our Central universities are well placed — except for the wavering commitment to Mother India of many of their students, as Ashis Nandy once reminded us, The fact is that in the past decade.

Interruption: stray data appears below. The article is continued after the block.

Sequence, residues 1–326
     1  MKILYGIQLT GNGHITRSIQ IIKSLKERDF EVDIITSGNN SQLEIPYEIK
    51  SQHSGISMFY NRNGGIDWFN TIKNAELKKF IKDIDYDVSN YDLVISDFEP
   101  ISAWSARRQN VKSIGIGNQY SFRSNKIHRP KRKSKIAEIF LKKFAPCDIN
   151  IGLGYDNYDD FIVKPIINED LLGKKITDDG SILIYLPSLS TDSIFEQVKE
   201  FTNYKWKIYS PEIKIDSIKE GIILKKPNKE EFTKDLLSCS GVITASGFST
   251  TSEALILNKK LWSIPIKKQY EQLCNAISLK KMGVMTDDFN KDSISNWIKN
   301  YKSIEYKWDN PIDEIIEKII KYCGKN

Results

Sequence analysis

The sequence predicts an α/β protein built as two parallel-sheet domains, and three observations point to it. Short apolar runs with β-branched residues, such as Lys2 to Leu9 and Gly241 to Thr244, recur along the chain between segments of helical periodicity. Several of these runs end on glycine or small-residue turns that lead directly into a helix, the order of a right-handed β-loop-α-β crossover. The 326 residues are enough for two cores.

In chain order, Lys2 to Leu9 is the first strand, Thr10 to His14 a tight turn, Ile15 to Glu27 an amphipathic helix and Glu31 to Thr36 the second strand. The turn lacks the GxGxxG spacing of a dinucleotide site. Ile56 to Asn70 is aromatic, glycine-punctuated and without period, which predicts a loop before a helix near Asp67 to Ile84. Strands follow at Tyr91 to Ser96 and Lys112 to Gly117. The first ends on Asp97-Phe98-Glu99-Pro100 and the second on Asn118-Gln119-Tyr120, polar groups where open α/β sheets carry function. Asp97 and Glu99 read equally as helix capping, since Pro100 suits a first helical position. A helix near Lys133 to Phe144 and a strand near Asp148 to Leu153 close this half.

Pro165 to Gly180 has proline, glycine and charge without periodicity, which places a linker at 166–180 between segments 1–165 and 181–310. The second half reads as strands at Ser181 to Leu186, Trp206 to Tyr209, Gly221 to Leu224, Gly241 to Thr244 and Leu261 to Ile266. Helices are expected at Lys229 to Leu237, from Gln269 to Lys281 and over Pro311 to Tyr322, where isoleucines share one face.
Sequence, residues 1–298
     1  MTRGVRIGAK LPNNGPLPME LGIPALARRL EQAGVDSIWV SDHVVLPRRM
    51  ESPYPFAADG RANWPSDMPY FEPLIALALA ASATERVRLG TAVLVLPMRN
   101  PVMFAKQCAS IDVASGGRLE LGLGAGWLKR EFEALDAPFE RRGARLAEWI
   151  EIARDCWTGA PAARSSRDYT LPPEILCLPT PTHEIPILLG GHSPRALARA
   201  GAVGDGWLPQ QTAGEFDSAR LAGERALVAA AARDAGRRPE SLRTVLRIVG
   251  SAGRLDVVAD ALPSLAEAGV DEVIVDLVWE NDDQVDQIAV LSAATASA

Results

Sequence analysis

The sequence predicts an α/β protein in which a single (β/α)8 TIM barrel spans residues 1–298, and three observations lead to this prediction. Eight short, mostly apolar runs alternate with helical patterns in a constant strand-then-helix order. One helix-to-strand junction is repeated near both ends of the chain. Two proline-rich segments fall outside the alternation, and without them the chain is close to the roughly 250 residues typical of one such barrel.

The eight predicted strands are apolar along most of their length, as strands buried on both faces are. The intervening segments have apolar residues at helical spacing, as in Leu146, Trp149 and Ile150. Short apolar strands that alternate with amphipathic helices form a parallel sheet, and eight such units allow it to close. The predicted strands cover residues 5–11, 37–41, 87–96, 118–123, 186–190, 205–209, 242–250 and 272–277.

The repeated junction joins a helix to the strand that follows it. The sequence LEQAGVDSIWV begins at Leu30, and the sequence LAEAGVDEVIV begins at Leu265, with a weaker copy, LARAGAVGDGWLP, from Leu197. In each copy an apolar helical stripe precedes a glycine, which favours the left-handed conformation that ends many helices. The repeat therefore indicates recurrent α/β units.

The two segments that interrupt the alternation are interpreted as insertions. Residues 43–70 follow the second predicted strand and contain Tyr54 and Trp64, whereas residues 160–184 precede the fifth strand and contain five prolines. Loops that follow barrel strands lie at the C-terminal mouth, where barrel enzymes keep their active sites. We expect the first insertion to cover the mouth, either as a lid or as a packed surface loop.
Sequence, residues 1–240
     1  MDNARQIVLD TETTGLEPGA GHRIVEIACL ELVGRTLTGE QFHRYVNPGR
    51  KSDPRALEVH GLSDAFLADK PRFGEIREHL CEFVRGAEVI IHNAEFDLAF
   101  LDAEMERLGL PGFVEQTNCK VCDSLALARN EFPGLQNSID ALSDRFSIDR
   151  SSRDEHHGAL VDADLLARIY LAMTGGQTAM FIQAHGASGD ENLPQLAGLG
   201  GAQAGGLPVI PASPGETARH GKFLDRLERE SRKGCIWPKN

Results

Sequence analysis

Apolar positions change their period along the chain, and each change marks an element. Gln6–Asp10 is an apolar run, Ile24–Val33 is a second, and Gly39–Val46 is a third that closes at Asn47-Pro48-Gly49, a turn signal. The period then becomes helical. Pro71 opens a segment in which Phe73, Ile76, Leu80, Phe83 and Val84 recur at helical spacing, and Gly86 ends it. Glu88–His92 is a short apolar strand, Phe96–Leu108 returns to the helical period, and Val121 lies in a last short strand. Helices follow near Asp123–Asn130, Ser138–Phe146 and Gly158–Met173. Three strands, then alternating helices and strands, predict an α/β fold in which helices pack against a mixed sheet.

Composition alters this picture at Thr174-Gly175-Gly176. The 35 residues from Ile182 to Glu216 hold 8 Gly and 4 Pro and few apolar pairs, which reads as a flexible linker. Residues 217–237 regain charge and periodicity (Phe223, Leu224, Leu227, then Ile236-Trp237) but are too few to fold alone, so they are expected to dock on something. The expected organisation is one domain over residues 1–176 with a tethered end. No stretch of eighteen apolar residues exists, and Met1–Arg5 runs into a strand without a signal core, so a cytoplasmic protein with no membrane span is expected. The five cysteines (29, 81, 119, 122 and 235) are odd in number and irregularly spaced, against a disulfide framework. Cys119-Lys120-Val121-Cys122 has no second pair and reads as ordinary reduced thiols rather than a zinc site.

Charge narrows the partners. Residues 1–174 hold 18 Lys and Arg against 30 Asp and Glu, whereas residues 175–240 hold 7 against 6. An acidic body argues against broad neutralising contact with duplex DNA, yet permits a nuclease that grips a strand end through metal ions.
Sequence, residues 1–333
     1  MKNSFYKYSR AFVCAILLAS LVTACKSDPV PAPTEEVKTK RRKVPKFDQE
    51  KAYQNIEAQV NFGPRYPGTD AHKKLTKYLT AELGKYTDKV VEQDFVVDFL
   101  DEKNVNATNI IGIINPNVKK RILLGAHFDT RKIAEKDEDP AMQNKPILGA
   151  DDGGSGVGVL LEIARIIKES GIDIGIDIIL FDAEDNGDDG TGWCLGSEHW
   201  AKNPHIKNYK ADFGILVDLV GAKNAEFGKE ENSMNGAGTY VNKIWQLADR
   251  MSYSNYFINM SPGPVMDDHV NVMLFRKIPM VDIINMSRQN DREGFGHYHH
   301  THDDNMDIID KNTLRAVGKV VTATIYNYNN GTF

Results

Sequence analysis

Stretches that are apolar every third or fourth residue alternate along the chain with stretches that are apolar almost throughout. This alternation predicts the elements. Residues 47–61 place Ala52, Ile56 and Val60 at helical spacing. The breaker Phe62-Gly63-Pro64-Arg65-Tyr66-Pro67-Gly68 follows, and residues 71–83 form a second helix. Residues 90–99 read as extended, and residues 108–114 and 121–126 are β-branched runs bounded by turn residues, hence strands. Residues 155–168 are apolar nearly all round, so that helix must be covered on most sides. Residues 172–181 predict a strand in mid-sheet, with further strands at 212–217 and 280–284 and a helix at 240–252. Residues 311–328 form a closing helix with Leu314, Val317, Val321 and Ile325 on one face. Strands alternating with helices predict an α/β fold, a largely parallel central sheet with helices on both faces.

The result was reduction in pollution; studies have recorded the impact in terms of benefits to health. India is not going to define its ties with China on the basis of its relations with third parties. The PM has often reminded his Chinese interlocutors that Xuanzang had visited Gujarat and spent time in his birthplace, We forget that what we think of as the “rise” of the states was facilitated by Central restructuring of states’ debt in the late 1990s, and Partap Singh Kairon would always tout the Punjab model. Been mostly even but India have had more penalty corners which they’ve not made the most of the chances. challenge existing states and erase borders. which he taught at Allahabad University, as Chandamama and Wiki tell us. its enormity was lost in the ensuing debate across news channels on how the party would approach Uddhav Thackeray for support: “Uddhav is not going to purr like a cat.